By William M. A. Grimaldi
Aristotle, Rhetoric II: A remark completes the acclaimed paintings undertaken via the writer in his first (1980) quantity on Aristotle's Rhetoric. the 1st statement at the Rhetoric in additional than a century, it isn't prone to be outdated for a minimum of one other hundred years.
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Additional resources for Aristotle, Rhetoric II. A Commentary
It is not desired. a point which he makes at 8ra c5-8. From what A. tells us in our present passage (790 10-25) pain accompanies the disposition to anger because the penon is desiring something. a desire which he immediately goes on to say at 79' II-IS is being frustrated. When we look at the desires A. sets down in 79' I2r-I7. we find that they are desires for what would restore the individual to his natural state; cpo II II. 70a 18-27. The objects. then. of these desires are good. or are seen as good for himself by the individual.
D ... ) would be true only where the bringer of bad news manifests the same disposition. , COMMENTARY 4S 79a 3Ion. Thus I believe that the illustration is memt to say that men spontaneously assume such disregard when anyone causes them plrin. 'YOJela on the other person's part; c£ 79a la-IS (aVToi ... ).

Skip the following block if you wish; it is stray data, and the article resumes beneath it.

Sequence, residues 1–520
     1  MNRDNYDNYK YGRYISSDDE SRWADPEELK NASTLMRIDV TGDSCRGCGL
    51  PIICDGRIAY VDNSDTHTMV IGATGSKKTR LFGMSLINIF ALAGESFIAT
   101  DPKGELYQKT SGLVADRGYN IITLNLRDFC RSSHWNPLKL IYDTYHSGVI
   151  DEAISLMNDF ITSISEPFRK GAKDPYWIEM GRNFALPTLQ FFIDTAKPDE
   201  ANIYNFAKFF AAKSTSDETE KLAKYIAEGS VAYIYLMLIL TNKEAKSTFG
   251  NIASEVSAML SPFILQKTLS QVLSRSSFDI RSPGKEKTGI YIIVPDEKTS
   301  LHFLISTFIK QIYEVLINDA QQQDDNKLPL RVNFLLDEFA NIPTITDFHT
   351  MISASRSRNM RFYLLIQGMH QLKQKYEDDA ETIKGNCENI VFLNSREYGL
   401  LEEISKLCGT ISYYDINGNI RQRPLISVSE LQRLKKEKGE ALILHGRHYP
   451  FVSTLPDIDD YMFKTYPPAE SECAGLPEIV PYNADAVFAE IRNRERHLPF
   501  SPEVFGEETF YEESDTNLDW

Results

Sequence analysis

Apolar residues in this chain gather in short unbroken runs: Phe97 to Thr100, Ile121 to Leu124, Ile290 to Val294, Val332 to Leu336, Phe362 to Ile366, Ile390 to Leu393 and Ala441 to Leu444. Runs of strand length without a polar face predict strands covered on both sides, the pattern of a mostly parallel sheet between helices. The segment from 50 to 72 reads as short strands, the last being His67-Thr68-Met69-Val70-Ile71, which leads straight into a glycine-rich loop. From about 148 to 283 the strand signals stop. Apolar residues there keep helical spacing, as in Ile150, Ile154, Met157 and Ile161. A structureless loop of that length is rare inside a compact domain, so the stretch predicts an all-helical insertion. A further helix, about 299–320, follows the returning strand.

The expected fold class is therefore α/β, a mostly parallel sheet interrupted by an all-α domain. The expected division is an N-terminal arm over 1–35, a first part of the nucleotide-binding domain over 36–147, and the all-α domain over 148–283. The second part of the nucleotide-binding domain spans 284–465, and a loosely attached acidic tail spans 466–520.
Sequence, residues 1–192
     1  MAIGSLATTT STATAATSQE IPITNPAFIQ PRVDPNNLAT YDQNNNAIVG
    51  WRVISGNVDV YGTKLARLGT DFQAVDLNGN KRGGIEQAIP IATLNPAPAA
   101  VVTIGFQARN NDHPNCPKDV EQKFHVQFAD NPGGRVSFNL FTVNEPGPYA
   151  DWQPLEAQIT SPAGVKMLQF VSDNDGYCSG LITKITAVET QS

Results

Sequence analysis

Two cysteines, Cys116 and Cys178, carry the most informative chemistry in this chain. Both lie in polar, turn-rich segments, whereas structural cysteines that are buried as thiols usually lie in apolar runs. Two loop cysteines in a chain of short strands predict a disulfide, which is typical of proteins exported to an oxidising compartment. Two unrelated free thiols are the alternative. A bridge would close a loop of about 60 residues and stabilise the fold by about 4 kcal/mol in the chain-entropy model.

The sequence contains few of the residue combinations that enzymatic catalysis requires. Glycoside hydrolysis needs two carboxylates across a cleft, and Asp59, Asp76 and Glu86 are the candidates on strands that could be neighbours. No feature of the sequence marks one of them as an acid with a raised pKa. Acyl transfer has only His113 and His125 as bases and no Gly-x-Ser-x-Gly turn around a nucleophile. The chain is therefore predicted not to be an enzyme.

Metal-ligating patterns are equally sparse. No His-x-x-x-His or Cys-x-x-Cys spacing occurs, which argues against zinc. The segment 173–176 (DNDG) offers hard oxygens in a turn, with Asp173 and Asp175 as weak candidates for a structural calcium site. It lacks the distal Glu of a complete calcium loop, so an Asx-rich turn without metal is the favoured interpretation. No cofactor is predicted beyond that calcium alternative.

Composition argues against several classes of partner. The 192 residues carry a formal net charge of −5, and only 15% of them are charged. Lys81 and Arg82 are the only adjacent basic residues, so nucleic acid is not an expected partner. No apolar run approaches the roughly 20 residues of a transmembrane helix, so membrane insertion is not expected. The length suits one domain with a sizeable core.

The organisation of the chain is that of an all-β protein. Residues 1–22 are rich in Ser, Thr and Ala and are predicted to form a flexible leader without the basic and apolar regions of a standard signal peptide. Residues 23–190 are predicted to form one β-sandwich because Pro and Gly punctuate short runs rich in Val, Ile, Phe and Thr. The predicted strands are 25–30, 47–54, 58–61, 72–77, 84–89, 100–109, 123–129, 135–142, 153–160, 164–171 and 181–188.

We find 8I-8a cited by Diogenes a 5 cUM ... ,. 91) or, as A. says at a 6: ayavmeTova& . vneeomv. r.... , u'P' It seems more reasonable to take this as. 0cn1"'" OrO>Ta. UOle"a8a, (78b 34). ense of being superior; the second, their sense of justice, of what is owed to them. When either is denied they fed slighted, and so become angry. Ta. VOle ••aBa. ) V'I" eli. a,) tlrp' "d. 'l'we1a (which occasion anger), not about anger. iv On this and the following, C£A II, 71. 35 -7Ib 2; 14, 75' 14-15. These passages help one to understand the force of our aei•.